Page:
You Can Take Large Whitetails by Hunting in the Snow and the Rain

You’ll find the very-best times to hunt in rainy weather conditions are just before the rain, during the first 30 minutes of rain, 30 minutes before the rain stops and within the first 2 hours after the rain. More than likely you will get wet hunting during these times. Therefore, purchase the best, most-comfortable, most-quiet rainsuit you can buy like mine made by Cabela’s. Remember, don’t try to dodge lightning. If you see lightning in the sky, get out of the tree stand and the woods. When in a tree stand, you can become a lightning rod. Also, when you walk around in the woods with a gun on your shoulder, you may become a target for a lightning bolt. Although I hunt in the rain, I never hunt when lightning accompanies rain. I use three different tactics when I know I’ll encounter rain on a hunting trip. I’ll…

  • go anyway. If the TV weather monitor shows a line of thunderstorms moving into the area I want to hunt, I’ll still go into the woods to hunt, even though I realize I will get wet. I know during the rut the bucks will move the most right after a rain. To attract does and other bucks, the scrape must have fresh and readable information. Rain washes away the information bucks and does leave in a scrape, just like an eraser wipes information off a blackboard. For that scrape to be a signpost, the deer have to put the information back on and around the scrape as soon as the rain slacks off or ceases. If you’re in your stand when the rain stops, you’ll have a greater chance of seeing and taking a buck than if you go to the stand after the rainstorm passes. If you wait until the rain stops to move to your stand, you most likely will spook the buck you want to take. But if you go to your stand before or during a rainstorm, you will often have the opportunity to bag nice-sized buck when the rain slackens or eventually quits.
  • stalk during the rain. A deer’s ability to see, hear and smell lessens to some degree during a rainstorm. Therefore, you can stalk on the edges of bedding areas with a much smaller chance of detection. If you hunt just before the rain begins, you will frequently see the bucks going to their bedding site. If you hunt just as the rain slacks off or stops, you may spot bucks coming away from their bedding region.
  • hunt food sources. A hungry deer will eat regardless of the weather. I’ve taken stands in driving rainstorms before and seen bucks appear on green fields for absolutely no reason at all except that they’re hungry. I’ve sat in an acorn flat near a white oak tree while rain poured down and watched bucks come to feed. Although bucks don’t seem to like feeding in heavy rain, occasionally they will.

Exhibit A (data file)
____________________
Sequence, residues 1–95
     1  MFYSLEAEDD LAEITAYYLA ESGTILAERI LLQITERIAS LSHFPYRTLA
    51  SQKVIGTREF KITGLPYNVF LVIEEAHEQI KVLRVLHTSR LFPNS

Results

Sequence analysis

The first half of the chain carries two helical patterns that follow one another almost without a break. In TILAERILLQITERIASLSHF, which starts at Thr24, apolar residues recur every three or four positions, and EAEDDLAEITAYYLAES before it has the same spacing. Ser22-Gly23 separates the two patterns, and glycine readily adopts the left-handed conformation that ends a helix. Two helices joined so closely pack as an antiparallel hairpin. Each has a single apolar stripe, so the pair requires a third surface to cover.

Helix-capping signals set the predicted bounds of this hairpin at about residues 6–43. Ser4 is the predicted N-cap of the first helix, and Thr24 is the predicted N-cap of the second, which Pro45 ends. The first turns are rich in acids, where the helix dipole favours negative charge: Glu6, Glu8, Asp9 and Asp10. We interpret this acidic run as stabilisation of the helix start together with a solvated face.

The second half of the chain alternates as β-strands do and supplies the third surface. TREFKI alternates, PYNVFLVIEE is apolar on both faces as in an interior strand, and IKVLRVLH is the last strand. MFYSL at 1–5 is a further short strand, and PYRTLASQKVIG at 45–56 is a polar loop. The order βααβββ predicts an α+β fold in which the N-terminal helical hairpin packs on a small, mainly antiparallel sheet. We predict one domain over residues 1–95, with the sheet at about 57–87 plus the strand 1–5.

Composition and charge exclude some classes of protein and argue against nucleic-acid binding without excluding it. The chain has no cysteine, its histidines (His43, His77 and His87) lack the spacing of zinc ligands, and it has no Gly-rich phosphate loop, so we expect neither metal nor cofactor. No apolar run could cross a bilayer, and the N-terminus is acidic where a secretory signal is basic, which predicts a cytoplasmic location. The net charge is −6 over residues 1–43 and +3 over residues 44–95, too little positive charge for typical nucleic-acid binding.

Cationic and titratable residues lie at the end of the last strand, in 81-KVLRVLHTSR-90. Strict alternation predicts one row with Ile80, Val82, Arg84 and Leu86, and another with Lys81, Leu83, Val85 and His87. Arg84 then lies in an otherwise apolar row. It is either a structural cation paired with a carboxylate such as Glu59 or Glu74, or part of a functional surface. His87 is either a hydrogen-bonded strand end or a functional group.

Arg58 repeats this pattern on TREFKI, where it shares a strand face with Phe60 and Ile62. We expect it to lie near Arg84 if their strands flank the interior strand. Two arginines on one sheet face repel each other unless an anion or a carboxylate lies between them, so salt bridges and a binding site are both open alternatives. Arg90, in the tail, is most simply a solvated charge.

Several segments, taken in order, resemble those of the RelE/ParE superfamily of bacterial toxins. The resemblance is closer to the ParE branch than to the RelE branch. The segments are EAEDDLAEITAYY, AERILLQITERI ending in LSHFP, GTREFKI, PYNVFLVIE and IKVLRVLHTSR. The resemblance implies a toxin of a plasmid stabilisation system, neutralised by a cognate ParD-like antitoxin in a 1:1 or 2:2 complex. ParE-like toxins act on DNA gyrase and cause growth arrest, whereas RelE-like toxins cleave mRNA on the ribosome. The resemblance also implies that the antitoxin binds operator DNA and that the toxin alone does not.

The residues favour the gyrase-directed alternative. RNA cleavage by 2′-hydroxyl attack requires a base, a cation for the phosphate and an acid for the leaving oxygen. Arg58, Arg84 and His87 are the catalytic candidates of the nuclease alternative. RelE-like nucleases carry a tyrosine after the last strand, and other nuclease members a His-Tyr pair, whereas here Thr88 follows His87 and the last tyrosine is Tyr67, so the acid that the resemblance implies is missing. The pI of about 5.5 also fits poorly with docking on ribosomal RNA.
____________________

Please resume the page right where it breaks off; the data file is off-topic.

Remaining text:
Hunting in snowy weather:

Snow affects deer differently in various areas of the country. In Alabama where I live, the deer bed-down when snow falls. If the snow remains on the ground for a day or two, and the deer move in it, they may come out on a green field with snow on it, take two steps out in the opening, turn around and then run back into the woods. I’ve seen other deer come to the edge of a field and run across it like the hounds of hell were chasing them.

Deer in the snow get spooked easily. They don’t know what to make of the white stuff, and they generally don’t like it. Often when they do move, they move only at night. The farther north you go, you’ll find the deer less affected by the snow. When I hunted on Anticosti Island in Canada, we had a whiteout, where snow came down so heavily we could see nothing in front of us. Luckily, the guide knew of a little outpost cabin where we found refuge from the storm. As soon as the storm stopped dumping snow on us, we immediately went back to hunting. In less than 30 minutes, we found fresh buck tracks in the snow. Fifteen minutes after beginning to trail the buck, I took a nice-sized 8 point. Fresh snow in the Deep South, I’ve found, makes deer hunting extremely difficult. Fresh snow in the North, where deer are accustomed to the snow, often results in ideal hunting conditions. Tracking deer in the snow is one of my favorite ways to hunt. In the North and the South, hunting just ahead of a snowstorm can produce results. In the North, hunting immediately after a snowstorm can and will pay buck dividends. But when hunting in the South, I really believe that after the first hour of new snow, you’ll do better to spend your time at the cabin.

Click here to go back to part one, an introduction to hunting deer in snow and rain. Click here to go on to part three, preparing to hunt deer in wrong wind conditions and considering moon phases.

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One thought on “Tactics for Hunting Deer in Bad Weather: Part Two

  1. Hunting in the snow is the way to go. After 25 years of hunting I was finally able to stalk within 12 yards of a nice 4X4 Whitetail with my Muzzle loader. I saw him before he even knew I was there and managed to shoot while he was still bedded. First for me.Thank to the fresh snow on the ground he didn’t hear me. He was bedded on a ridge looking down wind and we were hunting across the wind. The coolest thing though was having my hunting partner(my brother) of 25 years a mere 40 yards behind me witness the whole thing. Thanks Bro for talking me into going out that morning.

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